I took the above picture about two months ago. I used my iPhone, and the quality speaks to my limited skills as a crap photographer.
The man on the bed is Thomas Jones, the former NFL running back whose 10,591 rushing yards make him one of the most productive players in league history. These days, as an up-and-coming actor, Thomas lives in a studio apartment in the heart of Hollywood. There are no posters inside; no rings; no medals. Literally, there are zero reminders of Jones’ superstar past. He has a pile of quarters for laundry. He rarely watches TV. Or goes out. He’s in this to act.
That is why I wanted to write about him.
I tried selling the Jones idea to multiple outlets. And was rejected. And rejected. And rejected.
The general reason: Athlete-turned-actor is nothing new.
My argument: This guy is different.
The general follow-up reaction: Yawn.
Then, one day, I pitched his saga to The Athletic, the new sports site that also allows me to write a weekly column. And Paul Fichtenbaum, my old editor at SI, immediately said, “Do it.” Then George Dohrmann, my old colleague at SI (and current editor at the Athletic), read it over and said, “This is the kind of story we want to tell.”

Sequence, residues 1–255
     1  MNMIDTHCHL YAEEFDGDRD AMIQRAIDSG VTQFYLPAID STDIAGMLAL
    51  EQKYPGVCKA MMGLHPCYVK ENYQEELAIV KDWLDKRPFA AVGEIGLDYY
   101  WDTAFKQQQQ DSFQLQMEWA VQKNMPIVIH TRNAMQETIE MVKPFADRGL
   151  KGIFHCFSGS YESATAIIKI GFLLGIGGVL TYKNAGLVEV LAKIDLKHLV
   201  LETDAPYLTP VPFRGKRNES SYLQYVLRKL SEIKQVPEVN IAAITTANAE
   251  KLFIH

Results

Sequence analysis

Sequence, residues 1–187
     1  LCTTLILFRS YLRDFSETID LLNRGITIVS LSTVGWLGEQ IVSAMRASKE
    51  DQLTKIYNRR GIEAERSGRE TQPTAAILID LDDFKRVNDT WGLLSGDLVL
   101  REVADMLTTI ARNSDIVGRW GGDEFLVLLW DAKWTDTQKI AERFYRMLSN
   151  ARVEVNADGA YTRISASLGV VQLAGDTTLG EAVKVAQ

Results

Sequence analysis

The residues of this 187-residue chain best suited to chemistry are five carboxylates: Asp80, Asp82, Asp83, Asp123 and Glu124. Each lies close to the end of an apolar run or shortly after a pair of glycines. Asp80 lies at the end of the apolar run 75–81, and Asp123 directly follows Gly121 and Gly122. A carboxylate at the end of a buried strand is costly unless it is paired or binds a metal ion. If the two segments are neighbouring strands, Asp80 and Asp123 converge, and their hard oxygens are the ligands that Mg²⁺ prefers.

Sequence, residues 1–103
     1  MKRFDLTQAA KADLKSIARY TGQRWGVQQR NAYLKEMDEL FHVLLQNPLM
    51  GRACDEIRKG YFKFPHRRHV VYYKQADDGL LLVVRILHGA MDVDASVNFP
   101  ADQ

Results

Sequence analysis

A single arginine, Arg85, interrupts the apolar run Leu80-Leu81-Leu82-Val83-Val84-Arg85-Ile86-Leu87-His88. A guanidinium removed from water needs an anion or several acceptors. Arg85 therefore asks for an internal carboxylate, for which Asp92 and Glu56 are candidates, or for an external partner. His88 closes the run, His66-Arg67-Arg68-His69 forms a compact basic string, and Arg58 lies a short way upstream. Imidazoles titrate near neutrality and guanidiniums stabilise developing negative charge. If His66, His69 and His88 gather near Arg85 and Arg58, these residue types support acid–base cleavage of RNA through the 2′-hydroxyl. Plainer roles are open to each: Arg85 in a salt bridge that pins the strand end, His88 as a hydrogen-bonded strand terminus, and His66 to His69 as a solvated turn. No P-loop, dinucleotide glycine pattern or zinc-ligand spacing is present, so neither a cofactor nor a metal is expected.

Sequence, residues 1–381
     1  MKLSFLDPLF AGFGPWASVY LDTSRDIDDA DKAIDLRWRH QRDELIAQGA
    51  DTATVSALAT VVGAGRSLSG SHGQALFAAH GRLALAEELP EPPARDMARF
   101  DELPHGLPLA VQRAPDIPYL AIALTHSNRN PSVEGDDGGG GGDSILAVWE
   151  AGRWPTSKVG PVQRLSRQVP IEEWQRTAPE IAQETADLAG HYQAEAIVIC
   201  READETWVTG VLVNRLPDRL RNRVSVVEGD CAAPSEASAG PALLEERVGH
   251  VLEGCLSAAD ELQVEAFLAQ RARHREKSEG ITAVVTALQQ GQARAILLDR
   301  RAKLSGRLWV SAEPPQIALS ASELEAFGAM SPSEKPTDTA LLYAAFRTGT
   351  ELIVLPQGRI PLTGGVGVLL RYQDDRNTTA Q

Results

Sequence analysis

And here’s the beautiful part: By “kind of story we want to tell,” I’m pretty sure George meant two things. A. An interesting saga; and B. An interesting saga that was generated by the writer. See, these days far too many outlets have stopped trusting the instincts of its scribes. I’ve seen this over and over again—1,000 pitched ideas, one or two accepted. In the past, it was rarely this way. Sports Illustrated wanted to know what you were seeing. ESPN.com wanted to know what you were seeing.
Now … I dunno. It’s rare.
Anyhow, I’m babbling. Today The Athletic debuted its national site, Ink, and it’s truly fantastic. Great writing, great storytelling, great editing. And I’m thrilled that the Jones piece, AFTER STARRING IN THE NFL, THOMAS JONES IS RUSHING FULL SPEED TOWARD HIS SECOND ACT, has seen the light.
It was a labor of love.
It was a self-generated labor.